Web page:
“When our offense plays confident we might be the best team,” DeByl said. “If things are going well it’s because of that.”

Likely Ceiling: Semifinals
Likely Floor: Quarterfinals

Michigan High Five [Pool #3, Overall #10]

The honeymoon’s over and High Five is no longer the sexy new merger team that they were a year ago. Now, they’re just a regular club team… and that may be a good thing.

At times in 2015, High Five looked like world beaters and an excellent regular season earned them the overall four seed at Nationals, before a disappointing loss at the hands of Madison Club sent them home in quarters.

“We were kind of riding high and then obviously didn’t have the Nationals final game that we would’ve like to have,” captain Phil Cherosky said about High Five settling in as a program in their second season. “This year has been more of a step back to refocus in on our system as a whole and really try to see what works best for us.”

To aid in that evaluation is coach and Michigan native Tyler Kinley, who spent the last seven seasons in Seattle. Kinley, who played on Big Ass Truck (the last Michigan-based open team to qualify for Nationals before HIGH FIVE), offers a wealth of high level perspective and experience.

“[It’s] been fantastic,” Cherosky said. “He’s able to bring in some things he’s had from Sockeye and coaching other teams.”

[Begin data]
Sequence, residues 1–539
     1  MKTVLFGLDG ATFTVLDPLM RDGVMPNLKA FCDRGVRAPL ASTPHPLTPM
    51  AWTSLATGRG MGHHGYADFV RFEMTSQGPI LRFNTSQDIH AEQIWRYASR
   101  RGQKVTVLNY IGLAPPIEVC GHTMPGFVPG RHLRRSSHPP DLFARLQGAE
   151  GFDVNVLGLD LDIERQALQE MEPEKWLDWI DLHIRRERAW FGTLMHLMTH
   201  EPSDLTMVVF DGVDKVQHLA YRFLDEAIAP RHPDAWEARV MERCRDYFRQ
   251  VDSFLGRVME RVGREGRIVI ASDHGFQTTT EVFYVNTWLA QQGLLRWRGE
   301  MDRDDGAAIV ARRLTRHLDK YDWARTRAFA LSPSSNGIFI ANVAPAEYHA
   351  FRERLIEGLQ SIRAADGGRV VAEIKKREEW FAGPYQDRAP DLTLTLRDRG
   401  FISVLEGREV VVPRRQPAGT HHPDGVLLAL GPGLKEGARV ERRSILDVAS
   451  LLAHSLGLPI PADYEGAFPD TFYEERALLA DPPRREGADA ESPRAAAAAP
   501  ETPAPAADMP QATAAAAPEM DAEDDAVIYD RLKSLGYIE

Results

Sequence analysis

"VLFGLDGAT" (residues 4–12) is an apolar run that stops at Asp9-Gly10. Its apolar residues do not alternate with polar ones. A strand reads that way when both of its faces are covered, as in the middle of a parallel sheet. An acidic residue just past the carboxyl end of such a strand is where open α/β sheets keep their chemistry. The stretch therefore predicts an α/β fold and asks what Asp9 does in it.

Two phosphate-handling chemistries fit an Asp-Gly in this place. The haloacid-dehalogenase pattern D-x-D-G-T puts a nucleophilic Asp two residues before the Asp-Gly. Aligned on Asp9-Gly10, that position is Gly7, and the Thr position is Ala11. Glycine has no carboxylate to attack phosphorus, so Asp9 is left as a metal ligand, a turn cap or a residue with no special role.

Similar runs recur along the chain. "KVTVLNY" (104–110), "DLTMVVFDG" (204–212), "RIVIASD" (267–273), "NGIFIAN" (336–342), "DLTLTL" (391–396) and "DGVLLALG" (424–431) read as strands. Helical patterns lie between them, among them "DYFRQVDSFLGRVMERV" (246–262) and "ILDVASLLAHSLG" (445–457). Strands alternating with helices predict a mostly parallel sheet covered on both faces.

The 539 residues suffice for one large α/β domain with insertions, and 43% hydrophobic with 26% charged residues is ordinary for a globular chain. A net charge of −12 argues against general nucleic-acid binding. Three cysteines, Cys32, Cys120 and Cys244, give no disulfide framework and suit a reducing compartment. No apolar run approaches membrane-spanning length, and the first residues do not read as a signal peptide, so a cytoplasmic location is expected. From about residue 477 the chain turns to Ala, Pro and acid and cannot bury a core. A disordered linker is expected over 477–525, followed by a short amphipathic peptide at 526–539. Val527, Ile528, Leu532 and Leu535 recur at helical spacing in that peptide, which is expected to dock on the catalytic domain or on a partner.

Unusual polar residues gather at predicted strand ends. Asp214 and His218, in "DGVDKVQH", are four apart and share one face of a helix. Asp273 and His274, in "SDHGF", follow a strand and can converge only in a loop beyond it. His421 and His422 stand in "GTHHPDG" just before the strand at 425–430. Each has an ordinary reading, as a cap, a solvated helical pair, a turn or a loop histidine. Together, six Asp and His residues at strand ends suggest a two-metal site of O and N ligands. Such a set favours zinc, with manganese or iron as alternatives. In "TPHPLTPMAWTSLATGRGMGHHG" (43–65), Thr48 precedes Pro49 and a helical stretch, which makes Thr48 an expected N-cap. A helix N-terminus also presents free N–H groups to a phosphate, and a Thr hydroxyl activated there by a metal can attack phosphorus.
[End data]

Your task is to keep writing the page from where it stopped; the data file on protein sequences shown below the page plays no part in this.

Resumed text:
An over-reliance on the deep game came back to bite the freshly merged squad, who quickly hucked themselves in a hole they couldn’t climb out of in prequarters. One of the focuses for the offense this year has been to become more flow oriented: fewer set plays, more creativity.

“They sort of figured it out quickly and got on board,” said Kinley of the offense’s new framework. “And [they] were willing to work through when it really didn’t have success for decent stretches of time.”

There have been some growing pains – and High Five’s season results (3-11 against other Nationals qualifiers) illustrate that point. But it’s all about getting to Nationals and here they are. If the offense has added patience and an ability to rely less on the hucking game they will be as dangerous as anyone.

On offense Jordan Rhyne moved over from defense a year ago and will receive the first pass at handler. Speedy cutters like Mike Ogren (who played on Doublewide a year ago), Mitch Cihon, and Kevin Baumann will look to continue movement.

On defense, John-Michael Guest (who High Five was without for Colorado Cup and Great Lakes Regionals) will take tough match-ups, along with rookie Keegan North, who has been asked to guard some of the open division’s most notable cutters – like Kurt Gibson and Goose Helton – in his young career. Also on the D team is Johnny Bansfield, whose throws are basically the argument for having a skills competition at Nationals (have every team send their biggest hucker out there at half time of finals and let’s get weird, USAU!). Bansfield will give his team the opportunity to tally breaks from nearly everywhere on the field.